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The integration by parts formula is as follow-

$$ \int u\ dv = uv- \int v\ du$$

normally, I use L.I.A.T.E. As a guide for the priority of the choice of $u$

Where L is Log, I is inverse trigo, A is algebra, T is trigo, E is exponential.

The left side will be $u$ and right side will be $v$

Now, the question is $\int \tan^{-1} x\ dx$

What’s the product of 2 function here ?

In that question, I only see an inverse trigo function. $x$ cannot be counted as an algebra because x is part of the inverse trigo function.

so how do I pick $u$ ?

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  • $\begingroup$ $u=\tan^{-1}$ and $dv=dx$ do the trick $\endgroup$ – marwalix Apr 22 '18 at 8:26
  • $\begingroup$ @Ma rwalix so where does ‘u’ lie on L.I.A.T.E. ? $\endgroup$ – user59439 Apr 22 '18 at 8:27
  • $\begingroup$ I edited my comment $\endgroup$ – marwalix Apr 22 '18 at 8:28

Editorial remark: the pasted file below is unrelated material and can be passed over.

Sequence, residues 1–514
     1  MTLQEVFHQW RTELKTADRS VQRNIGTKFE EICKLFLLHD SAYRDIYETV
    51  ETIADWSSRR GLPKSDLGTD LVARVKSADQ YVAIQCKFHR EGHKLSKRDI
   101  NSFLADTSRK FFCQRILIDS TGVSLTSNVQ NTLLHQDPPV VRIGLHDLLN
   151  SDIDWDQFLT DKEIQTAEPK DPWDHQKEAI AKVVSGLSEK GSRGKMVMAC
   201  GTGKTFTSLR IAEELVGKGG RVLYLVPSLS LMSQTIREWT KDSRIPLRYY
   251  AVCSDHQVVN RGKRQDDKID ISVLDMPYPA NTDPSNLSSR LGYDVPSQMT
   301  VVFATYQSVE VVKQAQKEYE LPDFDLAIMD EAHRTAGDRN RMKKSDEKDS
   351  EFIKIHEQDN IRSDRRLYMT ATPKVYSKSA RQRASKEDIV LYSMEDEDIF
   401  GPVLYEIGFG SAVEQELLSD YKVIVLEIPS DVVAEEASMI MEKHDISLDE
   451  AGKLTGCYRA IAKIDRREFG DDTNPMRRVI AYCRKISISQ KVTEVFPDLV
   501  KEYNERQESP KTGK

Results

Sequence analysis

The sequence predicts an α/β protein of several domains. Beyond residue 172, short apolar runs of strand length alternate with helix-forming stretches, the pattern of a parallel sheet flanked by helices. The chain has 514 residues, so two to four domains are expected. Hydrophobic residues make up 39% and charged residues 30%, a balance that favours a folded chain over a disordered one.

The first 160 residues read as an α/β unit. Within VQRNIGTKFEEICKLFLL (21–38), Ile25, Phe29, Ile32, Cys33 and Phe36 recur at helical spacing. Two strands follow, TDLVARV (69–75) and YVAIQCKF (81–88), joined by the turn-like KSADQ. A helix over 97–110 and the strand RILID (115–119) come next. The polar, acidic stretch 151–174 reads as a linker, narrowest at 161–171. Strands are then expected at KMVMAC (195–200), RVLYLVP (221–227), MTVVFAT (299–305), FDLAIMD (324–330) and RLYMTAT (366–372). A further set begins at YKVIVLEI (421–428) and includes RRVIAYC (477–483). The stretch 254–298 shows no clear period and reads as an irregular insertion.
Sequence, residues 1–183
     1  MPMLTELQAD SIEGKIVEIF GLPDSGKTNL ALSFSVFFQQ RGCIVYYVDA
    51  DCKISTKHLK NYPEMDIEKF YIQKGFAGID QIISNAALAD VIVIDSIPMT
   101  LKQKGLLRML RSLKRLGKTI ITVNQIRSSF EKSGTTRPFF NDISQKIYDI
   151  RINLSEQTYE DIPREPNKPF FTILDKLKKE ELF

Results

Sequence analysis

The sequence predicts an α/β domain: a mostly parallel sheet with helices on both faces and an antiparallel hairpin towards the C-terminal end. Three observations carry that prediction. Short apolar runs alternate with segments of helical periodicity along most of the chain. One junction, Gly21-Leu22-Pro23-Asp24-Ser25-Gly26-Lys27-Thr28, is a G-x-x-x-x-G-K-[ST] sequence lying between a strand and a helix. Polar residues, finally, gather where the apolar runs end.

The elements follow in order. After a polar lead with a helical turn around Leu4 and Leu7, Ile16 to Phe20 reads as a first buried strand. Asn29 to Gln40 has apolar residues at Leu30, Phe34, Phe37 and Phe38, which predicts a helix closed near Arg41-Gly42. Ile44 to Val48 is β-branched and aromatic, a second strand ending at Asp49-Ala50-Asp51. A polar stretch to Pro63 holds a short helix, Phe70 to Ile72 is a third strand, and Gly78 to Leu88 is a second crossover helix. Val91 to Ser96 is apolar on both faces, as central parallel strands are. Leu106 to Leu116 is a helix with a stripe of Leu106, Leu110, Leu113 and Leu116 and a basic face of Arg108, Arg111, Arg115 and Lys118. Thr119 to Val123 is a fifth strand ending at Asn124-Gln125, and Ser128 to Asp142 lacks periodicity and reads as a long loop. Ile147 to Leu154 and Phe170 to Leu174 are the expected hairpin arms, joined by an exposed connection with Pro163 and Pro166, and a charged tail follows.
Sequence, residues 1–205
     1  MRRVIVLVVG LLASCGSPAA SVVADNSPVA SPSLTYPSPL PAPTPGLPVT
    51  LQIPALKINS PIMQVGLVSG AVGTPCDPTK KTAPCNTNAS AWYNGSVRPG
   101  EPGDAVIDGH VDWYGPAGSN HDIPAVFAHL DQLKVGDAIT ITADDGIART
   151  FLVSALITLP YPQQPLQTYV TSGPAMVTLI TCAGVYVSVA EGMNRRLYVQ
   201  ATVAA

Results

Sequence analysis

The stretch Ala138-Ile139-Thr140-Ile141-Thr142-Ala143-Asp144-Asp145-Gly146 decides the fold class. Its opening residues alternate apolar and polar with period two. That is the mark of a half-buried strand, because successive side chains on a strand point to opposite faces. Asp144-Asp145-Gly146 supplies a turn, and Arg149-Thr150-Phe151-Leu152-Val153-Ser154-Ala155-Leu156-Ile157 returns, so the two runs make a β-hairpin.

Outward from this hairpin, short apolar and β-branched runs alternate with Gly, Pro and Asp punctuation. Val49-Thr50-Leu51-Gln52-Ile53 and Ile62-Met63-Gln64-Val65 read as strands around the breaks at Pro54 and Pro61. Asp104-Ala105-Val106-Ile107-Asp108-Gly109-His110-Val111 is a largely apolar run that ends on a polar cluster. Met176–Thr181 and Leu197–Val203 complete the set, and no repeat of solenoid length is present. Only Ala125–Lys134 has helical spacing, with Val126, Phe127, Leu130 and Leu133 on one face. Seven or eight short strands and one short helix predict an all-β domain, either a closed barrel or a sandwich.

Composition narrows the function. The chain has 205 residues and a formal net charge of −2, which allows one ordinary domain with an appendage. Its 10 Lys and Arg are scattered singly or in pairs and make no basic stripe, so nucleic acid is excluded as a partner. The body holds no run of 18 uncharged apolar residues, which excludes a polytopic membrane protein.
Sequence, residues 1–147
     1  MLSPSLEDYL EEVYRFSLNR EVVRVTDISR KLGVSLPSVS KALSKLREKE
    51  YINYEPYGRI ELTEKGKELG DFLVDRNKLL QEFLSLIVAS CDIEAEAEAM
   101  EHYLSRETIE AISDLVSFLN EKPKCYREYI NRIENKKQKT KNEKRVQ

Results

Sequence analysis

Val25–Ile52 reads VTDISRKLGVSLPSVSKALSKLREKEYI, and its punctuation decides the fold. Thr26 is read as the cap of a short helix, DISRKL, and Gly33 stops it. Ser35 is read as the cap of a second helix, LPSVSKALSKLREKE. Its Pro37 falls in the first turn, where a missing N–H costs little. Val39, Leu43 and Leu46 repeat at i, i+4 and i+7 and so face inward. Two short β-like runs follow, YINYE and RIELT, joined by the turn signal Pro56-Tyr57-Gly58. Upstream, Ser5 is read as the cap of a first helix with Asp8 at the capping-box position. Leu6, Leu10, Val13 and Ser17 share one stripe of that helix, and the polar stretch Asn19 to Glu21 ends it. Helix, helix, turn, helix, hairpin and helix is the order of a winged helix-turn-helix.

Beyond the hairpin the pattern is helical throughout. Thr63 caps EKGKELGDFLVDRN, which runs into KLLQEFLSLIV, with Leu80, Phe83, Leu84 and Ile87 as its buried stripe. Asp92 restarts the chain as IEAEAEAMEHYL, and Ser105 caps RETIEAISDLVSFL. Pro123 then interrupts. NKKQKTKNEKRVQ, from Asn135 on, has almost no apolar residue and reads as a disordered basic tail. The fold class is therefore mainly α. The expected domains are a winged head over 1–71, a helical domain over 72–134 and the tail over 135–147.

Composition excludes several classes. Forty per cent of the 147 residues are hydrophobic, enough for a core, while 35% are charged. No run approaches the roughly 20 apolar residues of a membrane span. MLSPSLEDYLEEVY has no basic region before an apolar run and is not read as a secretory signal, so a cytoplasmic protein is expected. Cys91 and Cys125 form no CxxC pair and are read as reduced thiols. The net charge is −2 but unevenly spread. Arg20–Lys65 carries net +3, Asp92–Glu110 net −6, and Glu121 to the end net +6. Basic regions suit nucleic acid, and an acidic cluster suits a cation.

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    $\begingroup$ @user59439 Since $x^0 = 1$, I guess it's an algebraic function. $\endgroup$ – Toby Mak Apr 22 '18 at 8:31
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Take $u=\tan^{-1}(x)$ and $dv=dx$

$$du={dx\over x^2+1}$$

$$\int\tan^{-1}(x)dx=x\tan^{-1}(x)-\int{xdx \over x^2+1}$$

Now in the integral in the RHS substitute $w=x^2+1$ so $dw=2xdx$...

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I.L.A.T.E = Inverse trig . Logarithmic . Algebraic. Trig. Exponential

Here you select $u=\arctan(x) $ and $dv= 1$

$I=\int\arctan(x)\,dx$

$I = x\arctan(x)-\int\frac{x}{x^2+1}\,dx$

To evaluate $J = \int\frac x{x^2+1}\,dx$

let $x^2+1 = u\implies du = 2x\,dx$

$J = \frac12\int\frac 1u\,du$

$ J = \frac12\ln(x^2+1)+C$

$I =x\arctan(x) -\frac12\ln(x^2+1)+C$

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  • $\begingroup$ It should be $I(x)=x\arctan{x}-{1\over 2}\log(x^2+1)+c$ $\endgroup$ – marwalix Apr 22 '18 at 8:40
  • $\begingroup$ oops sorry , will edit at once. Thank you $\endgroup$ – The Integrator Apr 22 '18 at 8:42

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